Brandon McCarthy Scare Is MLB's Latest Excuse to Adopt Helmets for Pitchers
We should all realize one thing about what happened to Oakland A's pitcher Brandon McCarthy on Wednesday: It could have been a lot worse.
McCarthy, as I'm sure all of you are well aware by now, was hit in the head by a line drive off the bat of Los Angeles Angels shortstop Erick Aybar on Wednesday afternoon in Oakland (MLB.com has the video). Amazingly, McCarthy never lost consciousness and was able to walk off the field under his own power.
The Associated Press reported that McCarthy was taken to a nearby hospital as a precaution, and Jane Lee of MLB.com eventually passed along word on Twitter that McCarthy was "conscious and doing well."
McCarthy didn't travel with the A's to Seattle on Thursday, but it sounds like he's going to be OK. One assumes he'll be able to get back on the mound again in the near future.
I'll take it for granted that you're all with me when I sit back and say, "Phew."
UPDATE: Thursday, September 6 at 7:20 p.m. ET
According to CSNBayArea.com, the A's have revealed on Thursday that McCarthy actually underwent surgery on Wednesday night after a CT scan revealed an epidural hemorrhage, a brain contusion and a skull fracture. Fortunately, McCarthy is "alert, awake and resting comfortably, and has shown signs of improvement." He is resting in critical care as of Thursday evening.
-End of Update-
In response to McCarthy's injury scare, we now have an excuse to reopen dialogue about the contraption in the picture directly to your right.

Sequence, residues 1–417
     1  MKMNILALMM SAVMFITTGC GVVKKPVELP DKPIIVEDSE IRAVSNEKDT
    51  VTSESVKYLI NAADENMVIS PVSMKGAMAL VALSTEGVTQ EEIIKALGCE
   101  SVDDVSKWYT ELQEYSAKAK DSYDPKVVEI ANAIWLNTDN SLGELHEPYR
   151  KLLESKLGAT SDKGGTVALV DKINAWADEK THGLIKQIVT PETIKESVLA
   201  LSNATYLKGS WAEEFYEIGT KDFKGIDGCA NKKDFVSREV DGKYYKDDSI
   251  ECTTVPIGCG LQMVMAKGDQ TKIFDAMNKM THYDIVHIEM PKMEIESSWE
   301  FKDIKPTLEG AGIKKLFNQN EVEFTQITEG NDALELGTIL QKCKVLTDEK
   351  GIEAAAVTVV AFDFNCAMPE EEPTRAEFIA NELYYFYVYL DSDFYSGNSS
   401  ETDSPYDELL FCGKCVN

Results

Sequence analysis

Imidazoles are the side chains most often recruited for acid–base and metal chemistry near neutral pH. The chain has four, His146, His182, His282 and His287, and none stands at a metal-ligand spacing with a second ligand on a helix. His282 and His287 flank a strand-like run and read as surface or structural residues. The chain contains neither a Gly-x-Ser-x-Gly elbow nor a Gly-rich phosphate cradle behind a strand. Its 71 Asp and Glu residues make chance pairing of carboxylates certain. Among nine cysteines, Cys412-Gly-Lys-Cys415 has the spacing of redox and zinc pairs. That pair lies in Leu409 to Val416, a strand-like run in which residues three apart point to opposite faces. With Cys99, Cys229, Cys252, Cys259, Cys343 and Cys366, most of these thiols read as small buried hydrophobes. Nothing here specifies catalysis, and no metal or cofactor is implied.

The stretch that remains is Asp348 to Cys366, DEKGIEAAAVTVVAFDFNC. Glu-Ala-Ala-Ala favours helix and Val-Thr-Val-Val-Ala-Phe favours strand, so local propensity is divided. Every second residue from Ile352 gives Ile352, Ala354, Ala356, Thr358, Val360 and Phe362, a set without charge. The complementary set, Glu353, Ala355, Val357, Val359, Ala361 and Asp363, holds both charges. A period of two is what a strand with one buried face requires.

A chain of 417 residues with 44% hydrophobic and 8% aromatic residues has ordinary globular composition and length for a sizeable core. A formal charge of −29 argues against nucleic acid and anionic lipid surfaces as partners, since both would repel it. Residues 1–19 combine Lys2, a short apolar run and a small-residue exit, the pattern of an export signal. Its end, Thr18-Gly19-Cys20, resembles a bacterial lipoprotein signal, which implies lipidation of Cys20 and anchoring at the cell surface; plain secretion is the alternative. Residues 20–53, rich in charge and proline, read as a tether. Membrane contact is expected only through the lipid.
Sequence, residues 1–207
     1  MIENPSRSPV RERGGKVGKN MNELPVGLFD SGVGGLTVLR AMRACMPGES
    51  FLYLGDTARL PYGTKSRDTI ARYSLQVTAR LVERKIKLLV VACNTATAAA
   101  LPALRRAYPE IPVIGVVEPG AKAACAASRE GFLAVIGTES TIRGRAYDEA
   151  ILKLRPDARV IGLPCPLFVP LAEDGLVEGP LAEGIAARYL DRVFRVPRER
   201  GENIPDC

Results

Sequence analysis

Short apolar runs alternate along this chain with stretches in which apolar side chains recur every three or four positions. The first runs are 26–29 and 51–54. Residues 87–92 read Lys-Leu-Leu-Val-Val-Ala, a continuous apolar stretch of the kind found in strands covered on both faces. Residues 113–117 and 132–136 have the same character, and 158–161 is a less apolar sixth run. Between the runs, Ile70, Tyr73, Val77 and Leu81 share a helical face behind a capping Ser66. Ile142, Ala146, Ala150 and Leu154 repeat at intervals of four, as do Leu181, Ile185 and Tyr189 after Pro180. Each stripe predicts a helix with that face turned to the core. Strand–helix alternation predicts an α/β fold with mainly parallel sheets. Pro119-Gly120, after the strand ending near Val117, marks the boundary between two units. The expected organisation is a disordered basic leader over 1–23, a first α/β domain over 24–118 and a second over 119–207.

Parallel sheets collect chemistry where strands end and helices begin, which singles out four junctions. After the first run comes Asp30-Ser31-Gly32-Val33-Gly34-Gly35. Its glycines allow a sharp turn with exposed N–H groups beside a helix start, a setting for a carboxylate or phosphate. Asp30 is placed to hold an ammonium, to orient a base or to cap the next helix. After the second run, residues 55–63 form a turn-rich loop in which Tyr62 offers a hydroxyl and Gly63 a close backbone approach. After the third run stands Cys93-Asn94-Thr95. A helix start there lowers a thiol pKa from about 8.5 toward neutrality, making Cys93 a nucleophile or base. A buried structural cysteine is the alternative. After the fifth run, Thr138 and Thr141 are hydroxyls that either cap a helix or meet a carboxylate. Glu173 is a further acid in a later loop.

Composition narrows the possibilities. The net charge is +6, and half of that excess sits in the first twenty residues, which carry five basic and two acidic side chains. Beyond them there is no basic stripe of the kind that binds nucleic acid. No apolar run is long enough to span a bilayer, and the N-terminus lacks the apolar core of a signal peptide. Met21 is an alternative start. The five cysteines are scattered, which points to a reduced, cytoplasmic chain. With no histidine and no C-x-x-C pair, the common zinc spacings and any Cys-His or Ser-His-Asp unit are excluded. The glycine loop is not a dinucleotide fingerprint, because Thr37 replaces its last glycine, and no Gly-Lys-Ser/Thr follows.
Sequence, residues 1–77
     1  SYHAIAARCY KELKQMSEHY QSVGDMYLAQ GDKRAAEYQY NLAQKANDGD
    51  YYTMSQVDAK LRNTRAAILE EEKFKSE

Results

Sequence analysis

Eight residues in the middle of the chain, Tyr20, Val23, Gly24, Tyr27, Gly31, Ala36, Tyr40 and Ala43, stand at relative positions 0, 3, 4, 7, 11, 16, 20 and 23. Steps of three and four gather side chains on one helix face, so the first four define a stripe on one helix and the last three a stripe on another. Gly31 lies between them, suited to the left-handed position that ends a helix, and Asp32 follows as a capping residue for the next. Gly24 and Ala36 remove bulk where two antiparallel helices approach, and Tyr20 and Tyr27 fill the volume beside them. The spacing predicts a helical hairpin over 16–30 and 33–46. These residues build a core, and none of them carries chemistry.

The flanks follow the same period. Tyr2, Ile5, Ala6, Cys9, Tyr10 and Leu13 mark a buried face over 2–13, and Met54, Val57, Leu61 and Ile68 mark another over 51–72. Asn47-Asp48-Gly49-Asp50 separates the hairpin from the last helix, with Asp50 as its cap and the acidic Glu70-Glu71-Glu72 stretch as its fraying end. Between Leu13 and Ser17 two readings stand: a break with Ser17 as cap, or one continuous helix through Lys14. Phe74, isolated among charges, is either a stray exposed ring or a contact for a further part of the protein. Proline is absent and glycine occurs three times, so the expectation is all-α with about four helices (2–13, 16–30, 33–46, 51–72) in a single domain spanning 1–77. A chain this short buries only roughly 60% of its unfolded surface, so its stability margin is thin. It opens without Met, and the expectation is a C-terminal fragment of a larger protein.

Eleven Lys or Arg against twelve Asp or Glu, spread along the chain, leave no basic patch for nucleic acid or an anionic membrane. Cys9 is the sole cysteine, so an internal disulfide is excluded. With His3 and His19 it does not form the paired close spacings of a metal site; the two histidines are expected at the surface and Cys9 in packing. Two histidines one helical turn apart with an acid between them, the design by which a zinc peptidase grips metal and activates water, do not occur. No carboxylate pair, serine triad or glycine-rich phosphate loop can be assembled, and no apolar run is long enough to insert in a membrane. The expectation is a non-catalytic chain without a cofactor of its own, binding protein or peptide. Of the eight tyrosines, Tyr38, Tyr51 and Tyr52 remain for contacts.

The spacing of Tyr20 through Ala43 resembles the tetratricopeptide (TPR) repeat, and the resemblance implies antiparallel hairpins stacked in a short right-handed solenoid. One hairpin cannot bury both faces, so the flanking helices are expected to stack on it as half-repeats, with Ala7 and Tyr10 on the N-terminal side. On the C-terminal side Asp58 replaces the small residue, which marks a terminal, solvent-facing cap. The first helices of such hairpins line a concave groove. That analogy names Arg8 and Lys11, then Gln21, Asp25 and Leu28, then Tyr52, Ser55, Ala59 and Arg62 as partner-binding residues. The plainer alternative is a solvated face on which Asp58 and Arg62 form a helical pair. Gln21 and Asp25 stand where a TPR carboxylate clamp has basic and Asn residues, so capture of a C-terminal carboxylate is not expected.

Yes, that thing is just what it looks like. It's a helmet for pitchers.
Courtesy of a report from Peter Abraham of the Boston Globe, that picture started making the rounds last March. The device featured in it was designed and manufactured by Easton-Bell Sports, and they provided Abraham with the following press release:
The Easton-Bell Sports pitching helmet prototype uses lightweight energy managing materials to provide protection to the most vulnerable areas of the head, without compromising comfort or performance. The helmet is made of expanded polystyrene polycarbonate, which is attached to a comfortable liner and elastic strap.
The company clearly wants to give off the impression that these helmets could be implemented without all the new wearers even noticing any changes, but that surely wouldn't be the case. 'Tis a weird-looking thing, and pitchers would no doubt be aware that they're wearing one no matter how lightweight and high-tech the blasted thing is.
Thus, it's going to be hard for Major League Baseball to actually implement these helmets, or any other helmets for pitchers designed by any other company. There will be resistance to helmets from pitchers and probably hitters as well, seeing as how most of them could argue that helmets such as these would be a distraction.
But MLB shouldn't worry itself with the possibility of receiving such complaints. Player safety is a hot-button topic not just in baseball, but in all sports right now. If MLB prioritizes adopting helmets for pitchers, it'll be making a concerted effort to make the sport considerably safer.